Published in Union Leader
Q: I operate a nursing care facility in New Hampshire. One of my patients is demanding to be assisted by white only health care providers. I fear that if I don’t do this, I will lose the patient. Can I honor this request?
A. This is not an uncommon question in the service industry. In your situation it is a patient demanding white only care providers but it also comes up when, for instance, a restaurant patron asks for a white only server, or a customer of a business asks for a white only account representative. The answer in all cases is NO. It would be a violation of equal employment opportunity laws if an employer honors a patient or a customer’s request that he or she not be served by someone because of their race or color.
The main law which applies in these cases is Title VII of the Civil Rights Act of 1964. This Federal law prohibits discrimination in employment on the basis of race, color, sex, religion or national origin. Title VII prohibits an employer from discriminating in any way regarding terms and conditions of work including segregating or classifying employees in any way which would deprive employment opportunities or adversely affect the status as an employee, because of race, color, religion, sex or national origin. Many states, such as New Hampshire, also have state laws which are very similar to the Federal discrimination laws.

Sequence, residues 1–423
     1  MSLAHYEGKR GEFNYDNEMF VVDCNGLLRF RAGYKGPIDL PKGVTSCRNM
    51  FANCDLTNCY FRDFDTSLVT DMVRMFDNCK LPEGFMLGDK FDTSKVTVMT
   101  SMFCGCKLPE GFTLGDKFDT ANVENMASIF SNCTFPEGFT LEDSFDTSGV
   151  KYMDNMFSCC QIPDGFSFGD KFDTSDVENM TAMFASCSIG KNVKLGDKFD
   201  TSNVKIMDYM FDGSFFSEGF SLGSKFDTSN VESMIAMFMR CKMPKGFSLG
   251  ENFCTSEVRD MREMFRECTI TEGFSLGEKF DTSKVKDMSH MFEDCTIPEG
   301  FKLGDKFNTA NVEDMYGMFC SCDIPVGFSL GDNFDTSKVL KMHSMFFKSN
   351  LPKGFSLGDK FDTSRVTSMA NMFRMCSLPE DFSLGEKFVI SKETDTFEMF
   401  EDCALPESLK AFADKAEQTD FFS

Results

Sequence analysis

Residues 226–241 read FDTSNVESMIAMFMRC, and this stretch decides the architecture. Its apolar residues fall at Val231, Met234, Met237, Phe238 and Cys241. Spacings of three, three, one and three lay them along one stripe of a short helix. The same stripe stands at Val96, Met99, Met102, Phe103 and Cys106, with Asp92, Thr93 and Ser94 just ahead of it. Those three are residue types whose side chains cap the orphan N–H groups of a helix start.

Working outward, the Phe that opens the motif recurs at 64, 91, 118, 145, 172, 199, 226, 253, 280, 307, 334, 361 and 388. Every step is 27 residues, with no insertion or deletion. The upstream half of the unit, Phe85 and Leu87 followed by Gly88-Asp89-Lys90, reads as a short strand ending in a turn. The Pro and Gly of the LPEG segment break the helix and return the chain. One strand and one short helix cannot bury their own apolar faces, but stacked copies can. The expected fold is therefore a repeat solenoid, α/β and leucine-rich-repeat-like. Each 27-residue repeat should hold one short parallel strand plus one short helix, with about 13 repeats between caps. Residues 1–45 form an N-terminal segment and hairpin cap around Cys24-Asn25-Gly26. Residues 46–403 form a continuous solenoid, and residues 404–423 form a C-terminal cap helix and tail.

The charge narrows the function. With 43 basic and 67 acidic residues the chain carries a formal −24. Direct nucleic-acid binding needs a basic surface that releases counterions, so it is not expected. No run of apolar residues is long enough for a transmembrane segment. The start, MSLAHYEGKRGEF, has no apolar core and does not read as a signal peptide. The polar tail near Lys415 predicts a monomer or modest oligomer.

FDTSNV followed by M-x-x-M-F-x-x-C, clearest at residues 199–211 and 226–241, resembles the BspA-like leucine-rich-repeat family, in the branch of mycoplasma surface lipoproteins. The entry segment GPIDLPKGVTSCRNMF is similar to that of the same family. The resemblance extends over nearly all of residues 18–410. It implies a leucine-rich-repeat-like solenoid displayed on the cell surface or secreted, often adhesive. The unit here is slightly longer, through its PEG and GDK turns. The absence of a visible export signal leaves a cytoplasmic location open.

An employer can classify employees on the basis of religion, sex, or national origin where such classification is a bona fide occupational qualification reasonably necessary to the normal operation of a particular business. For instance, sex may be a bona fide occupational qualification in requiring that a woman work as an attendant in a women's washroom. Race, however, is specifically excluded from the list of acceptable bona fide occupational qualifications.
In conclusion, it would be a violation of equal employment opportunity laws if an employer honors a customer's request that he or she not be served by someone because of their race. The Employer should also keep in mind that it would not be the customer preference which dictates the permissible discrimination but rather the evaluation of a bona fide occupational qualification which is reasonably necessary to the performance of the job. In your situation, you would run afoul of the federal and state antidiscrimination laws if you honored your patient’s demand.
Linda Johnson can be reached at [email protected].
Know the Law is a bi-weekly column sponsored by The McLane Law Firm.
We invite your questions of business law. Questions and ideas for future columns should be addressed to: Know the Law, The McLane Law Firm, P.O. Box 888, Manchester, NH 03101 or emailed to [email protected]. Know the Law provides general legal information, not legal advice. We recommend that you consult a lawyer for guidance specific to your particular situation.